The rallying cry roused the young women assembled for Educate Girls’ monthly Team Balika meeting in the desert town of Bar, Rajasthan. This being the second week of her six-week placement at Educate Girls’ regional office to conduct a research study into girls’ education and empowerment, Elizabeth Shaw was happy to be invited to observe the monthly gathering.
“We are the change-makers” Team Balika work to build local support for girls’ education and to improve learning outcomes by implementing creative learning methods in schools. These young volunteers are critical to Educate Girls’ community mobilization model, which is reforming government schools and increasing school participation among female students across rural Rajasthan.
The goal of the monthly meeting was to motivate the Team Balika members, develop their leadership and teaching skills, share success stories, and discuss solutions to challenges they were facing in schools. While some of the newer members were shy, the more experienced of the team spoke confidently about the ups and downs of their work.
Elizabeth, who is from Australia, did not need to understand Hindi to hear the commitment and pride in the voices of inspired girls, many of who had faced significant challenges in completing their own education. Impressed and inspired by one such girl, Elizabeth peeped into the life of Sukhi Singh.
Sukhi is a 18 year old, who lost her mother when she was just two years old. As a child she had to work to help her father who was left to care for his three young daughters alone. Despite her hardship, Sukhi was lucky that her father was a firm believer in the importance of girls’ education and encouraged her to attend school, which she did in the face of demanding family responsibilities.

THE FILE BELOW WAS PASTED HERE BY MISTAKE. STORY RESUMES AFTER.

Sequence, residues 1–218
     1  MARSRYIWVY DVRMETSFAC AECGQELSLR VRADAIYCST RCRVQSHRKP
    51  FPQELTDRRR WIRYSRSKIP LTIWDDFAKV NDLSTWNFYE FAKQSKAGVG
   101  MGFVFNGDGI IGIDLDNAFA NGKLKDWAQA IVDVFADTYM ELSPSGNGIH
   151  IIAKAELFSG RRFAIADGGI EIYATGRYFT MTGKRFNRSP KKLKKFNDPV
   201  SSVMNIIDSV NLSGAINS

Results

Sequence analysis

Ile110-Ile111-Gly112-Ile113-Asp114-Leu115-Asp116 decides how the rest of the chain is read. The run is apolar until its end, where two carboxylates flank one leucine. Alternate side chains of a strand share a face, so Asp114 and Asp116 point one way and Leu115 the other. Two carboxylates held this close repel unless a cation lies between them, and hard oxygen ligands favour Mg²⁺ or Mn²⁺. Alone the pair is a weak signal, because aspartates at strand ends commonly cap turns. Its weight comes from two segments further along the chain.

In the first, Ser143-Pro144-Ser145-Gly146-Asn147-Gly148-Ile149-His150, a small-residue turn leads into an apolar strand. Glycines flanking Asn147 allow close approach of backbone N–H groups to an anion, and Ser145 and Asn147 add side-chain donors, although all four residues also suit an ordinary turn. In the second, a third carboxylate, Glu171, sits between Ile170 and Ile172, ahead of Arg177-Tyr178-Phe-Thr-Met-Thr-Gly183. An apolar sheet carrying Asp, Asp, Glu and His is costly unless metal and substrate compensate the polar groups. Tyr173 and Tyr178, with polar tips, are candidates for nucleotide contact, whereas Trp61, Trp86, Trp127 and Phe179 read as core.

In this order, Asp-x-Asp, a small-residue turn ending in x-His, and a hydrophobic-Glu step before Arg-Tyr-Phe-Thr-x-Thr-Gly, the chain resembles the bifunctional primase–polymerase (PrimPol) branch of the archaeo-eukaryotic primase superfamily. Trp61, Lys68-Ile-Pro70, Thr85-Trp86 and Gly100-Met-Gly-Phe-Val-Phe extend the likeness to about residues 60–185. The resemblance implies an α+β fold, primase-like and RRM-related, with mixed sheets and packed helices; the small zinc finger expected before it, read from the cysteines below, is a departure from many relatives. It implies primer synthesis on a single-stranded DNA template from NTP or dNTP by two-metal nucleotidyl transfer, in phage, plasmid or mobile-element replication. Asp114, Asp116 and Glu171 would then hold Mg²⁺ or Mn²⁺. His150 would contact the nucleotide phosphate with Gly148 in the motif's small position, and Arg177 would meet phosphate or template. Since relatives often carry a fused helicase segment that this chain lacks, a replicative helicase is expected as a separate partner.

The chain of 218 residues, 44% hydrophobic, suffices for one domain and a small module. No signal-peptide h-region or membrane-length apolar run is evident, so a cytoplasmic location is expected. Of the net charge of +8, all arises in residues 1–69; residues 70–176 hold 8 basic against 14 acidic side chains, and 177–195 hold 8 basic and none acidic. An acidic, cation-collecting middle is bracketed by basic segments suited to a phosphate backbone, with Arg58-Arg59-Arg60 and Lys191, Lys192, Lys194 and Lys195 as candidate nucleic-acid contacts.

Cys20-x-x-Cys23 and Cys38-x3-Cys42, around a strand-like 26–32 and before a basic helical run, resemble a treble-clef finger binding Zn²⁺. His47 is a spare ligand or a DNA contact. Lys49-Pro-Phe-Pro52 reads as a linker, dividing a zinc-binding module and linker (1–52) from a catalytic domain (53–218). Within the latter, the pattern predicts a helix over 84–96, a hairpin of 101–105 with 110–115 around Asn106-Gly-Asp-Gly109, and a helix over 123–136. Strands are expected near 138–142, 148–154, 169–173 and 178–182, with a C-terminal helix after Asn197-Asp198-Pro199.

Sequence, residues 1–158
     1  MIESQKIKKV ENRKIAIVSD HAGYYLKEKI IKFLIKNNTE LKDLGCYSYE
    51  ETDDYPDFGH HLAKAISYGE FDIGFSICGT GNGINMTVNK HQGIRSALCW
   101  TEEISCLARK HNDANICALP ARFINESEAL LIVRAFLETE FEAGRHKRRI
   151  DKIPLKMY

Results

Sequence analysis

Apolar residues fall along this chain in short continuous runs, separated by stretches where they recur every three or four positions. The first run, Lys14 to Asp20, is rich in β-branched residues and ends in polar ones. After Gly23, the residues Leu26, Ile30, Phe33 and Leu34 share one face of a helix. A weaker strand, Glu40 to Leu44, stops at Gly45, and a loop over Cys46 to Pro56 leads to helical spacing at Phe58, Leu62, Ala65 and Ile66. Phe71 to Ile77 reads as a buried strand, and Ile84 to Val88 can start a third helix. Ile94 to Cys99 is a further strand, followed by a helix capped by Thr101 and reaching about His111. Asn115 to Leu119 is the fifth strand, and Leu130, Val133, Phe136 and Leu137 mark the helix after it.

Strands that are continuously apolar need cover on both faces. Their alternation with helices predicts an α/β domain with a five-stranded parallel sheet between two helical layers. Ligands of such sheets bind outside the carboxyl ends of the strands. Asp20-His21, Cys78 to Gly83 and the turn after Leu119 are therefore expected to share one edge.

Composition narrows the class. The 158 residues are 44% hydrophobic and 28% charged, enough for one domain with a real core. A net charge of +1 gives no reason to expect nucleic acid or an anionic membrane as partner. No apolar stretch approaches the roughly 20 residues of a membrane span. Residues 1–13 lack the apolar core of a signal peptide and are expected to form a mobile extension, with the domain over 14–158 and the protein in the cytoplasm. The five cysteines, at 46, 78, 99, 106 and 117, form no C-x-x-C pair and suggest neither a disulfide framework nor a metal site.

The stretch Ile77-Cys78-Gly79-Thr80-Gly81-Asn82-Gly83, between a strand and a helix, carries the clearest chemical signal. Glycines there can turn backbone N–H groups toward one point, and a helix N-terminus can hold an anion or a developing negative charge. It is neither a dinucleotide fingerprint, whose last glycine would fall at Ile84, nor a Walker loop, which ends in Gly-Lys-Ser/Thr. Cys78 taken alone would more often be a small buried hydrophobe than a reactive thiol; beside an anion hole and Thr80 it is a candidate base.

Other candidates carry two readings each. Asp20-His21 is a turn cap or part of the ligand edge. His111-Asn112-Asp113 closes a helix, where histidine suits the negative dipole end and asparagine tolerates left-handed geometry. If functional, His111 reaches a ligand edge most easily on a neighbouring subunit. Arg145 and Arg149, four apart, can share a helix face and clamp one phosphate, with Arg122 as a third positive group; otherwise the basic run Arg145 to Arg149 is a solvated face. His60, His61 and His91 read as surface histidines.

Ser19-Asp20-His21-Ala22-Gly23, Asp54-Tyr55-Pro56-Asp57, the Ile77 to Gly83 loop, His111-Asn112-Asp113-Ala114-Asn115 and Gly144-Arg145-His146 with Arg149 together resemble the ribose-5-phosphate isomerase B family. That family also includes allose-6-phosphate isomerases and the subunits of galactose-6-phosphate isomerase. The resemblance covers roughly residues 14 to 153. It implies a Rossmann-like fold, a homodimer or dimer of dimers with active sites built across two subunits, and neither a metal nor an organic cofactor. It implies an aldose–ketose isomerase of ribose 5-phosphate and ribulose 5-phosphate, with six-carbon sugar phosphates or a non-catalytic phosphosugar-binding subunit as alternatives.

Now Sukhi is one of Educate Girls’ ‘change-makers’, and is working to inspire girls and their families to share her and her father’s commitment to send girls to school. She has quickly won the respect of her village and has successfully convinced five families to enroll their out-of-school daughters in her first few days working as a Team Balika volunteer. Although young, Sukhi is clearly a natural leader with a calm and engaging presence that commands the attention of others when she speaks.
And she is not the only one. These girls, some of whom are the first female students in their village to ever complete the 8th standard, are having a profound effect on the lives of girls not much younger than themselves. Sukhi and the other Team Balika members are fully utilizing this chance to discover and develop their natural talents. With Educate Girls’ support they are utilizing these skills to play a pivotal role in the transformation of their communities.